“We’ve all evolved and grown up together, so without much discussion, our music is just kind of became a lot more cohesive,” says Jeff Lloyd, singer and guitarist of The Heavy Pets. “We’re writing songs that fit well together—it’s all rather unintentional but it’s happening.”
With bandmates Mike Garulli (guitar, harmonica, vocals), Jim Wuest (keyboard, vocals), Jamie Newitt (drums, vocals), and Tony D’Amato (bass), Lloyd says each member of The Heavy Pets had their varied musical interests when they came together in the mid-2000s. While Lloyd is mostly into jam-band music, Newitt and D’Amato are influenced by jazz, and Wuest takes a lot of cues from reggae. “We have a wide array of influences that affects the entire band,” he adds. “I think we all went through that phase of being really into jam bands like Phish, but I can’t say that’s the scene the band finds itself in anymore. Everybody in the band has a completely different outlook, or into completely different music at different times.”
The Heavy Pets blend rhythm and blues, jazz, funk, disco, and reggae throughout their core of rock. Their last body of work released was a three-part series of self-produced EPs on 7-inch vinyl: “Two Horses” (2013), “Rags and Aces” (2014) and “Stolen Smiles” (2014). Lloyd and company most recently debuted a few new songs at the beginning of June in Key West and will make their way to Wilmington’s Calico Room on June 10.
Though they are all northeast transplants, The Heavy Pets began in Fort Lauderdale and still live in Florida. So it was a fitting place to unleash their material.
“Pretty much since the start we’ve been going to the Green Parrot for these long, marathon sessions where we play all weekend,” Lloyd details. “It’s seen us grow a tremendous amount.”
Though it’s been awhile since they’ve had so many new songs—about seven or so ready for live shows—Lloyd’s hesitant to call the collection a full album yet. “We have decided we’re going to do a full-length record and we’re probably going to break ground on that this summer,” he says. “We have a couple of core songs that I’m fairly certain are going to make it on to the next recording.”
Every song has a life of its own. They are without a formula, but the process involves a lot of collaboration in and out of the studio. Oftentimes, Newitt and D’Amato will come up with demos of new instrumentals to shop around as songs are being written.
“We each have our own style of making a song come to fruition,” Lloyd adds, “but then each song can take its own path to get there.”
It’s what they did with their last three EPs; for this one, they plan on eventually taking it to Power Station Recording Studio in south Florida. The Heavy Pets are introducing the new material to live audiences while touring. Lloyd is excited to showcase new approaches and styles; they’ve incorporated more layered harmonies over “really funky, dirty music,” as well as sing in unison to add a more surreal and psychedelic effect.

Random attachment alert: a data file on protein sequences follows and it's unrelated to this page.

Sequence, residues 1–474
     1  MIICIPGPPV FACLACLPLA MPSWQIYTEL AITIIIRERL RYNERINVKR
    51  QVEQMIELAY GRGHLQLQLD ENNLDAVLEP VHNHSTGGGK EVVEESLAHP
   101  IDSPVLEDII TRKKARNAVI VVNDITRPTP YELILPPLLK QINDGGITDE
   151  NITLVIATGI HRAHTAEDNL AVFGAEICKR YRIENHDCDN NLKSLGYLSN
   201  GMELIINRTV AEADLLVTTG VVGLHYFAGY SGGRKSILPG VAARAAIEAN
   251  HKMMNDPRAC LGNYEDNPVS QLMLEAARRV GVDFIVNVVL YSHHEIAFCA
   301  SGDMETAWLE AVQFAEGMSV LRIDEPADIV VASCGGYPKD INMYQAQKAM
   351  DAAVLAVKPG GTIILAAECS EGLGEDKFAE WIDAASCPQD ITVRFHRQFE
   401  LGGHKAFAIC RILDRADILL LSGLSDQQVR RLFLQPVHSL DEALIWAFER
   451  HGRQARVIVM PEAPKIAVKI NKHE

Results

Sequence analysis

“That’s been really exciting,” Lloyd says. “When it came to harmony, some of the guys in the band have a much more advanced knowledge than others—like with Newitt’s deep harmonic knowledge.”
Lloyd says finding time to write and practice new material was few and far between, as they were unexpectedly sidetracked by tribute projects that really took off. For a long time, the band steered clear of cover songs—save for maybe one or two a year. However, they came to realize their fanbase wanted more and more favorite tunes reimagined by The Heavy Pets. So, for their 10-year anniversary, they granted their Florida home base a night of The Beatles. “It was meant to be a one-time thing,” Lloyd tells, “but we had so much fun doing it and got offers to it elsewhere.”
Simultaneously, The Heavy Pets were approached to do a tribute set of ‘80s songs for a music festival. They took to the idea like a fish to water, reinventing Paul Simon’s “You Can Call Me Al,” Joe Jackson’s “Steppin’ Out” and Tears for Fears’ “Everybody Wants to Rule the World,” with special guest indie artist Natalie Cressman. “There’s some many different ways you can go with ‘80s because there was so much going on musically,” Lloyd says. “But we chose to go the dance-party route with the show.”
The Heavy Pets have been invited to do more ‘80s-inspired tribute sets for a Phish afterparty in Saratoga, as well as at the Catskill Chill Music Festival in Pennsylvania later on in the summer. “We have a ton of fun with it,” Lloyd continues. “It’s fun when audience knows every song, yet they don’t know what we’re going to do. When we start playing ‘I’m Coming Out,’ and they realize what we’re doing, it’s just super fun. We enjoy giving it to them.”
For the same reason cover bands in general are popular, familiarity yields an audience latching onto a show, and singing and dancing along to their heart’s desire. It creates a win-win for The Heavy Pets, too.
“As far as the jam scene, I think it’s just a chance for people to go see something different,” Lloyd says. “If you’re a big fan of the band already, it’s awesome because you get to see them step out of their comfort zones and do something different. If you’re not a big fan of that band already, you get to go hear this band play a bunch of songs you already like, and you might leave wanting to check out their music.”
Having a repertoire of tributes is a whole different exercise altogether. There’s a wide variety of artists, and so the band has to really get into someone else’s head to make it a successful cover.
“It can be challenging because people write lyrics in a way that I wouldn’t lyrics,” Lloyd confesses. “It can be hard to remember them for that reason, but I also put a lot more heart and soul and scrutiny into my own stuff.”
As of late The Heavy Pets have been incorporating covers and originals of past and present into live sets—with new originals getting a lot of stage time to come. See The Heavy Pets at The Calico Room on Friday, June 10.